- The Dow Jones fell over 300 points Thursday.
- Tech selling resumed as Wall Street looked to sell the rally.
- Weekly jobless claims disappointed but remain below 900,000.
The Dow Jones tumbled on Thursday, as initial jobless claims missed forecasts. Wednesday’s frenzied rally appears to be slowing as Wall Street sells the rally following months of buying all the dips.
Dow Jones Falls After Weaker Than Expected Jobless Claims Data
All three major U.S. stock indices came under pressure, with the Dow Jones, S&P 500, and Nasdaq falling more than 1%.
On the data front, initial jobless claims missed forecasts, and continuing claims held above 13 million, also missing expectations. Watch the video below:
While the Dow bulls are optimistic that the job gains can continue, Europe is casting doubts about the potential for recovery. Spain and France are enduring a record high number of coronavirus cases, and the U.K. is tightening restrictions on gatherings.
If the U.S. experiences a second wave, it could undermine the recent recovery efforts. One silver lining is that, so far, deaths have not tracked directly with spiking cases in Europe, suggesting the worst of the human toll is hopefully over.
Elsewhere, crude oil inventories rose more than 2 million barrels against expectations of a 1.3 million-barrel draw. This is particularly meaningful as it confirms Saudi Arabia’s stance that demand for its exports is softening.
Additional worries for the U.S. stock market came from the Senate’s failure to pass its “skinny” coronavirus stimulus bill.
Nordea Sees Some Durability In Lofty Tech Valuations
Despite bouts of extreme volatility, investors looking for an imminent collapse in the Dow Jones could be disappointed. Investors are now overly conditioned to high valuations, and any dips are being snapped up aggressively.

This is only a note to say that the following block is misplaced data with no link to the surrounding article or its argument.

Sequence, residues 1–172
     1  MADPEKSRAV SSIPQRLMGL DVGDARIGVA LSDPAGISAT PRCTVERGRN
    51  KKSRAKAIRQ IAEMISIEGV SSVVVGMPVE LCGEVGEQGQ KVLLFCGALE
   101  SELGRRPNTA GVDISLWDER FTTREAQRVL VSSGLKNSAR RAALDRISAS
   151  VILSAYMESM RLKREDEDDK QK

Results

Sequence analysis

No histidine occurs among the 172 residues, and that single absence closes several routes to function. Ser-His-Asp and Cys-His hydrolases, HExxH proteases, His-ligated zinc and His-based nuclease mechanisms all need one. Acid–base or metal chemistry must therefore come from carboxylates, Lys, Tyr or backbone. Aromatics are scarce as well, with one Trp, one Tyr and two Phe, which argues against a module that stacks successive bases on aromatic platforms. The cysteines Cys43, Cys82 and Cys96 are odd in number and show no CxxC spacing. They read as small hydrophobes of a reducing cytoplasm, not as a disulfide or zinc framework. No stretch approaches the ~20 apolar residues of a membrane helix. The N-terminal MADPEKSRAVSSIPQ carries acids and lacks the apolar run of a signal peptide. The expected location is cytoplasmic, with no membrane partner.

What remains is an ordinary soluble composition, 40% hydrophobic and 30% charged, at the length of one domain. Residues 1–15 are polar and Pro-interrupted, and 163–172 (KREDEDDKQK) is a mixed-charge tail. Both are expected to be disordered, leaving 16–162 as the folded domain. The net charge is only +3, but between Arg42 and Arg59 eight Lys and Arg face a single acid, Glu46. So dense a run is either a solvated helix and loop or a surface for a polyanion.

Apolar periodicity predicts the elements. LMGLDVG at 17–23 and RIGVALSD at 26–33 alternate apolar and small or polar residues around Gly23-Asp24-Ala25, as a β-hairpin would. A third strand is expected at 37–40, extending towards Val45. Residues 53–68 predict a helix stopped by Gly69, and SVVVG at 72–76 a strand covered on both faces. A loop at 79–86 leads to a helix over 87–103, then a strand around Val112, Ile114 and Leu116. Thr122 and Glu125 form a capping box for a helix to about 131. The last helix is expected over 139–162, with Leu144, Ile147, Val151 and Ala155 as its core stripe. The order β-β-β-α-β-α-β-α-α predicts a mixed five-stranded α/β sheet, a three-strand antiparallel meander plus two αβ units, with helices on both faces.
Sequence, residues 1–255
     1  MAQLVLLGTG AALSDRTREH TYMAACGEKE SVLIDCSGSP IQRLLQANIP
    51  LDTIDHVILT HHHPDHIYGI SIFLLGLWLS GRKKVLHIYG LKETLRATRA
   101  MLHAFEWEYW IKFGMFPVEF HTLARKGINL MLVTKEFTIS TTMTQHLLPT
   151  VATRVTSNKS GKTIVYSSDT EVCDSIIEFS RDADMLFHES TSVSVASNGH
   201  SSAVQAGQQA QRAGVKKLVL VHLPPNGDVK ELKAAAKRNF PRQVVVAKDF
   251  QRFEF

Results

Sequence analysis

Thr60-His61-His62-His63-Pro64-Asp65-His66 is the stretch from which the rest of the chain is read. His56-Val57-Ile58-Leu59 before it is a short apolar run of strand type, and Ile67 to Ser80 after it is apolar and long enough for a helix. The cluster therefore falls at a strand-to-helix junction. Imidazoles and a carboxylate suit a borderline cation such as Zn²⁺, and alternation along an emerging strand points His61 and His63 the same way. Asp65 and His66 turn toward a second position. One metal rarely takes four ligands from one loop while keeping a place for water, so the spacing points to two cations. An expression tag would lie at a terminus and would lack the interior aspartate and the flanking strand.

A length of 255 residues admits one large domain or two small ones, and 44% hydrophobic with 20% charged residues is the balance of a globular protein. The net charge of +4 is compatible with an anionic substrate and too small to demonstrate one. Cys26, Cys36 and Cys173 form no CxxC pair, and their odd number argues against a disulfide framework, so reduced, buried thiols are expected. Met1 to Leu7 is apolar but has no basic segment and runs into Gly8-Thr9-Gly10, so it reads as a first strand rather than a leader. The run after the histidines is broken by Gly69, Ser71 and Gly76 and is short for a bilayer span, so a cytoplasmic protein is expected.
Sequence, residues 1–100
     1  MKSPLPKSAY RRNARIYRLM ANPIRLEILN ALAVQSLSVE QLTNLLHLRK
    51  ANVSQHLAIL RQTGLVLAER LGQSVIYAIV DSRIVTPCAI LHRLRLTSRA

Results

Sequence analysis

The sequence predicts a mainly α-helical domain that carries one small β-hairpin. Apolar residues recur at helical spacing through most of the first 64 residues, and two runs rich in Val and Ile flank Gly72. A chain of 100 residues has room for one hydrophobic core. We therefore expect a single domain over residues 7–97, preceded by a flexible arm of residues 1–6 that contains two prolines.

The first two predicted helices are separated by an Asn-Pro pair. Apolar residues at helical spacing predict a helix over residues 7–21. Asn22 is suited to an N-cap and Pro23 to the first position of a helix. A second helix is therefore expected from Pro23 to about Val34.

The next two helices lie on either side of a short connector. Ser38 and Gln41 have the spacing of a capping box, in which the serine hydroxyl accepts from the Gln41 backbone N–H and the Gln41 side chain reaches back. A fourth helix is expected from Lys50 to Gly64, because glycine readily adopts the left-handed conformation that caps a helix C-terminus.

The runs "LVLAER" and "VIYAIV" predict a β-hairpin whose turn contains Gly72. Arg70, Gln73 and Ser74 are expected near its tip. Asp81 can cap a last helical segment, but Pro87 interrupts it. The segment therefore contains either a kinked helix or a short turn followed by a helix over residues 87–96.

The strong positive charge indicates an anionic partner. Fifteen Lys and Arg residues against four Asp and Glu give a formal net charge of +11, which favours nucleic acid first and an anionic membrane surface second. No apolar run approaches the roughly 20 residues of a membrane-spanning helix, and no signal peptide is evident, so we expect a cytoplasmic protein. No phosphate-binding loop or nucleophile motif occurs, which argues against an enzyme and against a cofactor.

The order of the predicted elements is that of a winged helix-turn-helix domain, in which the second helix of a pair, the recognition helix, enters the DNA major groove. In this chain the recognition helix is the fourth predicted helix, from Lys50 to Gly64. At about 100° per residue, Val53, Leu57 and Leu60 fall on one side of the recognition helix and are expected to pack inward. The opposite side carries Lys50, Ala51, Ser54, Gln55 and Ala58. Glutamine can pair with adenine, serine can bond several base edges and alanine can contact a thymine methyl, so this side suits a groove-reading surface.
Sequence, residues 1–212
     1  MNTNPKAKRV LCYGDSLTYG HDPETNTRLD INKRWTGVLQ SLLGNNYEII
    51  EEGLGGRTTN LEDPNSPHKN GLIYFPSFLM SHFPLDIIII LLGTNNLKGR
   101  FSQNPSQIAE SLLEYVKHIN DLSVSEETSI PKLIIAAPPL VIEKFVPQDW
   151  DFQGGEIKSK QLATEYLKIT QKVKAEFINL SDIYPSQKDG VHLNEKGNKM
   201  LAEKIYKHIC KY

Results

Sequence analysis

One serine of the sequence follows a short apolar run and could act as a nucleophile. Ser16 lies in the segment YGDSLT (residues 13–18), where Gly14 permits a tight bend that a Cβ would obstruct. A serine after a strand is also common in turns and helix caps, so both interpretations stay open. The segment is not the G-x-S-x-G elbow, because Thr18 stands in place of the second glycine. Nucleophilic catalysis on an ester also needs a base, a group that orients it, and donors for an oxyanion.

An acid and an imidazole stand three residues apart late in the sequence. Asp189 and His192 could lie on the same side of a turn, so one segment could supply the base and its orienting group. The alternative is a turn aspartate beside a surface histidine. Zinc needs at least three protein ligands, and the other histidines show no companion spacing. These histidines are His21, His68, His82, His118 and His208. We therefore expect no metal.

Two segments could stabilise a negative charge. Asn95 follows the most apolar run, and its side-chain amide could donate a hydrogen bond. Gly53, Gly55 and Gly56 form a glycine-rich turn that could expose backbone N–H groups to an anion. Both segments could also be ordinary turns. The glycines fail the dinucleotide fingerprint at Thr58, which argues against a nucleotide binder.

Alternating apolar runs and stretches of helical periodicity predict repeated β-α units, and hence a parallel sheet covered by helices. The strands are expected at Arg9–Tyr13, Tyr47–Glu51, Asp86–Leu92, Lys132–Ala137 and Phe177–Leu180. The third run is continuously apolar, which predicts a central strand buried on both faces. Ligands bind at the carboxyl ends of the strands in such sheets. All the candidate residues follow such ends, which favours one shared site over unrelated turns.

The trend may have become a “sell the rally” scenario, as billionaire investor Mike Novogratz recently claimed, but it is still too early to know for sure. Watch the video for more:
Sebastian Galy at Nordea Asset Management told CCN.com that valuations could remain high so long as interest rates remain low:
Fashionable sectors such as Growth or ESG are set to stay very expensive for a long time seeing some improvements as earnings improve with the business cycle (expectations for Growth being already high)… Things should get very unpleasant with increasing probability in 2022/2023 as forward rates price in a belayed or overly aggressive Fed tightening.
Dow 30 Stocks: Apple Struggles As Tech Volatility Returns
After a brief respite, volatility returned on Thursday and pushed the Dow 30 lower. The tech sector was clearly under pressure, with Apple stock posting a 1.7% loss.
Fellow tech giant Microsoft was also under pressure, tumbling 1.4%.
Amid a mostly red Dow Jones, a few stocks were moving into the green, with Walt Disney rallying around 1% after the highly successful roll-out of its Mulan reboot. Food and beverage giant Coca-Cola also managed to rally, climbing 0.5%.